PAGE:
4
$\begingroup$

I was given this explanation in my notes to understand Proof by Contradiction:

Proof by Contradiction

We want to prove that $\ P(n) \to Q(n) $ is true. In a proof by contradiction, we assume by contradiction that $\ P(n) \to Q(n) $ is false, that is, that: $\ \neg (P(n) \to Q(n)) $ is true.

The only way this might happen, is if $\ P(n) $ is true and $\ Q(n)$ is false. Thus we start with $\ P(n)$ true and $\ Q(n)$ false. If from there we deduce a contradiction, that is a statement of the form $\ C \wedge \neg C $, which is always false, what we have proven is :

$\ \neg (P(n) \to Q(n)) \to C \wedge \neg C$ , is true.

This is equivalent to $\ P(n) \to Q(n) $. To see that, set $\ S(n) = "P(n) \to Q(n)"$, and look at the truth table:

-

What I don't understand is this line: "$\ \neg (P(n) \to Q(n)) \to C \wedge \neg C$ , is true."

How is it true if previously stated that

$\ \neg (P(n) \to Q(n))$ is True

$\ C \wedge \neg C$ is False (a contradiction)

But we know that... $\ P \to Q $ is always False?

How am I interpreting this explanation wrongly? I am really confused right now... any help/explanation is very much appreciated, thanks!!!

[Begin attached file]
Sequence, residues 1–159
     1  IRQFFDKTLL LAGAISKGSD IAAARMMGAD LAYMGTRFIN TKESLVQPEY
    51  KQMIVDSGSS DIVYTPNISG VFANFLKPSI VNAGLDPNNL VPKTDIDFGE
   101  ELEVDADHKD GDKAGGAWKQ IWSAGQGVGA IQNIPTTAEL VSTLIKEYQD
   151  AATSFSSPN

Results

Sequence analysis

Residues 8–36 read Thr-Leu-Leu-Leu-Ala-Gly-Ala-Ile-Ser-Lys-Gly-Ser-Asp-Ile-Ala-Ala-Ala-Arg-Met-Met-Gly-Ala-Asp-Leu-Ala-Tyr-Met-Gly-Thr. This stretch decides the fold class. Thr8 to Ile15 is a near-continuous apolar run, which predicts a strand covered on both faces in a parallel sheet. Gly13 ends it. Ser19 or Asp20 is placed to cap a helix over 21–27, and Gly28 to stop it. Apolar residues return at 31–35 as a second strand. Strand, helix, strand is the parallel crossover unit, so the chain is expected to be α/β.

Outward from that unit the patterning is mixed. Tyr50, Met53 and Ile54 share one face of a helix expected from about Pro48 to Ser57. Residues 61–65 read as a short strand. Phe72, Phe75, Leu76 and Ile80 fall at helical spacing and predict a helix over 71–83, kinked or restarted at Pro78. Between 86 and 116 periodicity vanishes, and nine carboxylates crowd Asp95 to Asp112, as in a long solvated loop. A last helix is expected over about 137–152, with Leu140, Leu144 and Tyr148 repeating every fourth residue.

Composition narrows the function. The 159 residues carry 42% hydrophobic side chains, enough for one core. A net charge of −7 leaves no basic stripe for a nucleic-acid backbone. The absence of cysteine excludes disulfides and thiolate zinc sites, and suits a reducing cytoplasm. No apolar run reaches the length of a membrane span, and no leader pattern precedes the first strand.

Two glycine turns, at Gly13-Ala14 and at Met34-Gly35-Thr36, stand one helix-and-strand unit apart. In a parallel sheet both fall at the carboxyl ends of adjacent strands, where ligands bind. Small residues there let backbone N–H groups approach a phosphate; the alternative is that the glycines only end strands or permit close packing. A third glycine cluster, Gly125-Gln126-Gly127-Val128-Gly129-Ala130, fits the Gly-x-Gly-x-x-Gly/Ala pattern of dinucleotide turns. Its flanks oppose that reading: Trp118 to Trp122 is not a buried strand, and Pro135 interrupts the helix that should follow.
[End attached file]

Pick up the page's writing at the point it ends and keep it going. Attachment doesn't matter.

Original screenshot (in case I formatted the equations wrongly... I'm new to mathjax/latex thing):

enter image description here

$\endgroup$
  • 3
    $\begingroup$ $C\land\lnot C$ is always false. Therefore, if through an assumption you can derive $C\land\lnot C$ is true, then your original assumption must have been false. The author isn't saying you get this for free. He is saying that if you can derive this contradiction from an assumption then the assumption is false. $\endgroup$ – John Douma Sep 18 at 5:03
  • 1
    $\begingroup$ "we know that...P→Q is always False?" You don't know it is always false. You just speculated that it might be true. And you got a contradiction. That means your speculation was false. So $P\to Q$ can't be false. Ex: If $n \ge 2$ then $n^3$ is composite. Is that true? I don't know, lets imagine it is false. The only way it can be false is if $n\ge 2$ and $n^3$ is prime. So $n^3$ is prime. If $n^3$ is prime than $\sqrt[3]n^3=n$ is irrational. So $n$ is both an integer and irrational.That's a contradiction. So our speculation that $n>2\implies n^3$ is composite being false... is false. $\endgroup$ – fleablood Sep 18 at 5:46
  • 1